London: Thames & Hudson, 2002. Paperback. Glossy black and color-illustrated dust jacket with red and gold lettering. 240 pp. Mainly color illustrations. VG- light wear and scuffing small remainder mark across the bottom edge of text block. Item #170321
"The Tribal Arts of Africa reveals and portrays the marvelous achievements of black African artists over thousands of years. The earliest pieces date from the beginning of the first millennium, the most recent from the early twentieth century before the commercial production of art for the tourist trade. All were made by Africans for their own use. In the nineteenth century European imperial expansionism provided the background for public display of tribal objects in Berlin's Museum für Völkerkunde or Paris's Musée d'Ethnographie. The impetus provided by Braque and Picasso, Derain and Vlaminck in the ear;y years of the twentieth century focused on the artistic value of the African achievement. In 1911 Paul Guillaume opened the first gallery in Paris concentrating on black African art and, between the wars, exhibitions in New York, Paris and Antwerp helped to make African art fashionable. Since the, the end of colonialism and the search for roots have continued to fuel interest in an art whose full riches are now revealed. Jean-Baptiste Bacquart has divided Africa south of the Sahara into forty-nine cultural areas. Each section studies the most important tribe within that area, surveying its social and political structures as well as its artistic production. The art is analyzed according to type -- in most instances masks, statues and everyday objects such as utensils, furniture and jewelry. Where appropriate, further information on artistically related tribes is provided. Each section contains its own bibliography and both lavishly presented color photographs of all the major object types and documentary black-and-white illustrations."--Publisher's description.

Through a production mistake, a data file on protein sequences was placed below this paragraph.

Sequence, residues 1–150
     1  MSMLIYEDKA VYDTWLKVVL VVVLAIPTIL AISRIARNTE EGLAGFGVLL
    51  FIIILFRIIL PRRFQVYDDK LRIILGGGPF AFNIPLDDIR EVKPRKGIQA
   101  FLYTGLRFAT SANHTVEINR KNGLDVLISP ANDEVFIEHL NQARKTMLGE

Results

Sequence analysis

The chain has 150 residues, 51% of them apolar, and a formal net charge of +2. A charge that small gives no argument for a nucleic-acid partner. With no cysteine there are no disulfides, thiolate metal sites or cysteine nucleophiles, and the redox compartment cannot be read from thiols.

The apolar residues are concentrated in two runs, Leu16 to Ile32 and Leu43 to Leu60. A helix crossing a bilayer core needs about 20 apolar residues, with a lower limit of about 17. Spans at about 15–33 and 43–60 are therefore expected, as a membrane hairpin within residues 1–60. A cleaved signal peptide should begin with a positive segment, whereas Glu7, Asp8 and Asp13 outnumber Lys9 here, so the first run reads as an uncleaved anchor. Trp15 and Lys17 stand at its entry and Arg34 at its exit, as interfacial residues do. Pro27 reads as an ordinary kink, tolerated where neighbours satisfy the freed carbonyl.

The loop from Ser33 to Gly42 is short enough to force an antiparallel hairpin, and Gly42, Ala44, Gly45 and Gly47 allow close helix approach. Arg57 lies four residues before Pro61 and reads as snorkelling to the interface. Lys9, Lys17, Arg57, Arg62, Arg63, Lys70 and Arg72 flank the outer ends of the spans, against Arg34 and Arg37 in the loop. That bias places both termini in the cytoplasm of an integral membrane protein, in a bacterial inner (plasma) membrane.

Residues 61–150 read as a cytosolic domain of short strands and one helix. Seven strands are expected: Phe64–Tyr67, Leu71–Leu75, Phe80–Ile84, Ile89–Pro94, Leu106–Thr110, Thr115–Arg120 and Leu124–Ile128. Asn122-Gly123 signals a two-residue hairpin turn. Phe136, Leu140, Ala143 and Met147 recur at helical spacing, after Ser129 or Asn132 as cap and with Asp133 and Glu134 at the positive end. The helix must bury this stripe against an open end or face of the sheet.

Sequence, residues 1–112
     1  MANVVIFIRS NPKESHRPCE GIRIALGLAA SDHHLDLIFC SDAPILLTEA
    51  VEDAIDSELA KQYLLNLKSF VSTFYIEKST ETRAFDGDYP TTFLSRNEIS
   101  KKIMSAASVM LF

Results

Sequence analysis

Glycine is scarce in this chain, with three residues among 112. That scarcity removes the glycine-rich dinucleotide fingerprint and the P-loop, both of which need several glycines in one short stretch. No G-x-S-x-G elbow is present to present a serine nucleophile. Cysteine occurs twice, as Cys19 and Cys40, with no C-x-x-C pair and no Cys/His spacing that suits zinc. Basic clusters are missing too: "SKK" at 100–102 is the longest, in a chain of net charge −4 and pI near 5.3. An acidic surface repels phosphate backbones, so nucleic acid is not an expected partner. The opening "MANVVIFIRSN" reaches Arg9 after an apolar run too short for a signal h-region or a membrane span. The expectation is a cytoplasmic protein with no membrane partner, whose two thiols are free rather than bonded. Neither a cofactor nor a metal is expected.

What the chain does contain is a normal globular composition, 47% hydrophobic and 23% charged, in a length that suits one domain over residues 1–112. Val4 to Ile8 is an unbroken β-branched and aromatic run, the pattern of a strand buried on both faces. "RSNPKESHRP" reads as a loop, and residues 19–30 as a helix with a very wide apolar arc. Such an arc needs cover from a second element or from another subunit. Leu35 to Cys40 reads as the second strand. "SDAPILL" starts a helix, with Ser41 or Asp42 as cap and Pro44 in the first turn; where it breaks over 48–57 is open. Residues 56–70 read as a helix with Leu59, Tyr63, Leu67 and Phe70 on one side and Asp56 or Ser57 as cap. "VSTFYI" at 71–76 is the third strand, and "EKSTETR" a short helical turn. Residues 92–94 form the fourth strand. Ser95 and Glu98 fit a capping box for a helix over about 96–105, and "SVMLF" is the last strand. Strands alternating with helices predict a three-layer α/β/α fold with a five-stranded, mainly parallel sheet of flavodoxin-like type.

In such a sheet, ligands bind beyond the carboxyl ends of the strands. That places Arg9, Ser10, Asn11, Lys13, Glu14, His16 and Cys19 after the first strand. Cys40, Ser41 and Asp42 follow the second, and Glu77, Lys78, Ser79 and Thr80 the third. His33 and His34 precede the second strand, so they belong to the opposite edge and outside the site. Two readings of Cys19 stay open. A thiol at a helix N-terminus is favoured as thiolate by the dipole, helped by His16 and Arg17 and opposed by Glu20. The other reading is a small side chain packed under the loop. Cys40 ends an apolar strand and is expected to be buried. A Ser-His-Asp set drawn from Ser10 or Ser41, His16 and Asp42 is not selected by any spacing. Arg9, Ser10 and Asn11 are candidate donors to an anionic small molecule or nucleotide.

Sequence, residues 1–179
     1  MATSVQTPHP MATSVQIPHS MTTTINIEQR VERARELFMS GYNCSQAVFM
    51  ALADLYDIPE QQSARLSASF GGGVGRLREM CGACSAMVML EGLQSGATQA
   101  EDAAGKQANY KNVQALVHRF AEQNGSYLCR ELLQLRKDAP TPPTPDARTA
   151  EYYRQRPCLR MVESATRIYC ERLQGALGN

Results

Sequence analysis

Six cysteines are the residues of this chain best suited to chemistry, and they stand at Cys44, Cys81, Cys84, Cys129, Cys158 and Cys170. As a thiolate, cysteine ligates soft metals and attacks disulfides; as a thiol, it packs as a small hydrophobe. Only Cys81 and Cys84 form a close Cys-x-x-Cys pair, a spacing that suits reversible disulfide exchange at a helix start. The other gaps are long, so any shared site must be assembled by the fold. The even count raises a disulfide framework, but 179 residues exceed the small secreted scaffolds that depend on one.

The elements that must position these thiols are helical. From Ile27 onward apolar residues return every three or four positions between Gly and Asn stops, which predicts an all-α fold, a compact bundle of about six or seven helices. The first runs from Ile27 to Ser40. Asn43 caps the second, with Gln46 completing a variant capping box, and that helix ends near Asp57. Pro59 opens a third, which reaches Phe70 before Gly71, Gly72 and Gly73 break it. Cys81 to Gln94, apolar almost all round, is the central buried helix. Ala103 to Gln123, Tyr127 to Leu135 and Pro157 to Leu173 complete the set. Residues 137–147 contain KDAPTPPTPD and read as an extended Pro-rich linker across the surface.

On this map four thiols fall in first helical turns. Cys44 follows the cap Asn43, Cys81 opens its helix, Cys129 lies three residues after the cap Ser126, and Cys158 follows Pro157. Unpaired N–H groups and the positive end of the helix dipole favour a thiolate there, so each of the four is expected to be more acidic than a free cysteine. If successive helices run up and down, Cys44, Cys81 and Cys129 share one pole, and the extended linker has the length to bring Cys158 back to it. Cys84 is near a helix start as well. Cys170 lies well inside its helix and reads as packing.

Price: $55.00 save 30% $38.50